The Giver Hardcover – Bargain Price, Sep 25 2012
|New from||Used from|
Customers Who Bought This Item Also Bought
No Kindle device required. Download one of the Free Kindle apps to start reading Kindle books on your smartphone, tablet, and computer.
To get the free app, enter your e-mail address or mobile phone number.
In a world with no poverty, no crime, no sickness and no unemployment, and where every family is happy, 12-year-old Jonas is chosen to be the community's Receiver of Memories. Under the tutelage of the Elders and an old man known as the Giver, he discovers the disturbing truth about his utopian world and struggles against the weight of its hypocrisy. With echoes of Brave New World, in this 1994 Newbery Medal winner, Lowry examines the idea that people might freely choose to give up their humanity in order to create a more stable society. Gradually Jonas learns just how costly this ordered and pain-free society can be, and boldly decides he cannot pay the price.
From Publishers Weekly
In the "ideal" world into which Jonas was born, everybody has sensibly agreed that well-matched married couples will raise exactly two offspring, one boy and one girl. These children's adolescent sexual impulses will be stifled with specially prescribed drugs; at age 12 they will receive an appropriate career assignment, sensibly chosen by the community's Elders. This is a world in which the old live in group homes and are "released"--to great celebration--at the proper time; the few infants who do not develop according to schedule are also "released," but with no fanfare. Lowry's development of this civilization is so deft that her readers, like the community's citizens, will be easily seduced by the chimera of this ordered, pain-free society. Until the time that Jonah begins training for his job assignment--the rigorous and prestigious position of Receiver of Memory--he, too, is a complacent model citizen. But as his near-mystical training progresses, and he is weighed down and enriched with society's collective memories of a world as stimulating as it was flawed, Jonas grows increasingly aware of the hypocrisy that rules his world. With a storyline that hints at Christian allegory and an eerie futuristic setting, this intriguing novel calls to mind John Christopher's Tripods trilogy and Hans Christian Andersen's The Little Match Girl. Lowry is once again in top form--raising many questions while answering few, and unwinding a tale fit for the most adventurous readers. Ages 12-14.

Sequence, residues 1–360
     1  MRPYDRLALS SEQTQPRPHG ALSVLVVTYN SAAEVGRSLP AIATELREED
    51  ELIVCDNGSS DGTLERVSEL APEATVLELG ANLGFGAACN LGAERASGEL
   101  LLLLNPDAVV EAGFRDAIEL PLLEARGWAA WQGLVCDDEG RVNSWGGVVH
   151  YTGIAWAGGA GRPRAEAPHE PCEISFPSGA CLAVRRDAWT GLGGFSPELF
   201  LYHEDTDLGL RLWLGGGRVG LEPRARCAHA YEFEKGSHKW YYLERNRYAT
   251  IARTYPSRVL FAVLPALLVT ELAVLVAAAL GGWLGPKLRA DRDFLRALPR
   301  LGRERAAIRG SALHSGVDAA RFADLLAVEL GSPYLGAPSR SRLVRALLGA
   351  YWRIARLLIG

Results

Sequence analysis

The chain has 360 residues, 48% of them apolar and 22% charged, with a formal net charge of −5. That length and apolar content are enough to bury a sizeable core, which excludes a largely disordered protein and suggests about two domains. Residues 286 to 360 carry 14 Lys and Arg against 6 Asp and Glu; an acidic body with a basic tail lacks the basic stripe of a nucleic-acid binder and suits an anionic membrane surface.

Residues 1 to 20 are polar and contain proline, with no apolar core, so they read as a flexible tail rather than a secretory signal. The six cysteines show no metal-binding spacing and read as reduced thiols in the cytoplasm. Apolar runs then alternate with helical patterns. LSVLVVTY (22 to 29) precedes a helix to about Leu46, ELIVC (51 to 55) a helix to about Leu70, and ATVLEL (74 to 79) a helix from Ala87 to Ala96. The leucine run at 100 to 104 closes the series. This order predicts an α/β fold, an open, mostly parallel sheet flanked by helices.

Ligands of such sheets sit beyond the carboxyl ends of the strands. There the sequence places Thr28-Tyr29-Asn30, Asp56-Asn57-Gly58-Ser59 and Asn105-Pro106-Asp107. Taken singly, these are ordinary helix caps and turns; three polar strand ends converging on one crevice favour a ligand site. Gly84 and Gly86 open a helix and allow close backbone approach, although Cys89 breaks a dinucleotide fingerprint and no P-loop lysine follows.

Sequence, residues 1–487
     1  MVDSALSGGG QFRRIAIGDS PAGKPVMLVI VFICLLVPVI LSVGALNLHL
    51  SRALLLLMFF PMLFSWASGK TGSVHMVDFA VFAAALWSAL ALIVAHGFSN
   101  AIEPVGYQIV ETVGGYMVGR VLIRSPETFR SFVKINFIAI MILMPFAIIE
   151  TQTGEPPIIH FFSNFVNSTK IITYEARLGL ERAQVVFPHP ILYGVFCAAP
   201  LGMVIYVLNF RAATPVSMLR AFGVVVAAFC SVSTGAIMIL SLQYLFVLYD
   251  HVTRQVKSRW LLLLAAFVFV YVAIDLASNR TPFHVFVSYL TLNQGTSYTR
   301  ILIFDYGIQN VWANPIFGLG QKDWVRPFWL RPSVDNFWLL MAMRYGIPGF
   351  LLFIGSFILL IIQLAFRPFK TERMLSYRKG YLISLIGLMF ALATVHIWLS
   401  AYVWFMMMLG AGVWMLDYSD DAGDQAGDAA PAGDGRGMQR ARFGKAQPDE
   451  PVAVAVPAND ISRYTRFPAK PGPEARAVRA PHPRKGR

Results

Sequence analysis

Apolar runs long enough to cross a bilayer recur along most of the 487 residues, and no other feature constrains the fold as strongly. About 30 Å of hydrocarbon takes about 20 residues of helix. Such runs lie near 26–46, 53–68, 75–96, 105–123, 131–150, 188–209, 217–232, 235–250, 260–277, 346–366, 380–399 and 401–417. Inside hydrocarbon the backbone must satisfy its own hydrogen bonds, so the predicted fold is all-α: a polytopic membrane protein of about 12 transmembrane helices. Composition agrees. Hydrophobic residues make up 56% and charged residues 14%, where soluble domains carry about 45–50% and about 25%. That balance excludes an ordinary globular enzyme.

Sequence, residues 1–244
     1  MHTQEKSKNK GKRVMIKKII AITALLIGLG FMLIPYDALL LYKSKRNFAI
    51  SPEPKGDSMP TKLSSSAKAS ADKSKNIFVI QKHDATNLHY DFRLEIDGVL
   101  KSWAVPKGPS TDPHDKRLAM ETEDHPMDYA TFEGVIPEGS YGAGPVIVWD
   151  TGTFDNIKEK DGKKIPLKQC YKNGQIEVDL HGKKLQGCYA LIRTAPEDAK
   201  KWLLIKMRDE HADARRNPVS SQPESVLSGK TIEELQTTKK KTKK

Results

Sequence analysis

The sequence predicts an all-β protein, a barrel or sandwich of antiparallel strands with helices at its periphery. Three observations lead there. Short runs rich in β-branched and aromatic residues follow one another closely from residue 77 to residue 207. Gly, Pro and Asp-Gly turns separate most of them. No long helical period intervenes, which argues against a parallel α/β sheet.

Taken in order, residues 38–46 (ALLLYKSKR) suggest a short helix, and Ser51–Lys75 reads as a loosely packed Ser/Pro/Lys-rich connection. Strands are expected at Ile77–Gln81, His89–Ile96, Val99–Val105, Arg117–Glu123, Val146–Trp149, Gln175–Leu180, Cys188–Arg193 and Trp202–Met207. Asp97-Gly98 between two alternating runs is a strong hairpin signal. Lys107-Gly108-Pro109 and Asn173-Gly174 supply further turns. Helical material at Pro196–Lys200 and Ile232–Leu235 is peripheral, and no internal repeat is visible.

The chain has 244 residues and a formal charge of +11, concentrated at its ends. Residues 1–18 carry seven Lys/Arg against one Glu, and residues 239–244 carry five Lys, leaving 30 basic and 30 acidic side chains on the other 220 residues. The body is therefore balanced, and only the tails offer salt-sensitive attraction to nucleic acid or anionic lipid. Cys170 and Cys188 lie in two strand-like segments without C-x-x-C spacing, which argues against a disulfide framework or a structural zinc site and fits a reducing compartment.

Copyright 1993 Reed Business Information, Inc.
Inside This Book(Learn More)
Browse and search another edition of this book.
What Other Items Do Customers Buy After Viewing This Item?
Top Customer Reviews
I finished it this morning, and I can honestly say I loved and wish that I could have read it when I was younger. Would I have understood the deeper meaning? Probably not at first, but I would have loved to have been a part of that classroom discussion. As much as I wish I had read it when I was younger, I am also glad I read for the first time as a 22 year old adult. I think I have a better understanding of some of the themes and I am definitely mature enough for some of the more "disturbing" themes. Had I read it as a 12 year old, I'm not sure if it would have turned me off or not.
All in all, this book is definitely worth a read. It's a quick read that won't take long at all, but does require you to think. I am looking forward to the movie!
And long before it became chic, Lois Lowry produced a hauntingly memorable story set in a world where emotions are suppressed, and only "The Giver" has the power to change it. It's a powerful little story -- whether read alone or with the three loose sequels -- with haunting prose and some very strong characters, as well as a message of compassion and acceptance.
A young boy named Jonas lives in a rigid, joyless community where people use emotion-deprivation pills and adhere to insanely strict rules -- they have no conflict, poverty or discrimination... but they also have no love, no fun, and no creativity. When Jonas is selected as the Receiver of Memories, he is suddenly flooded with feelings and memories of both the good and the bad from humanity's distant past.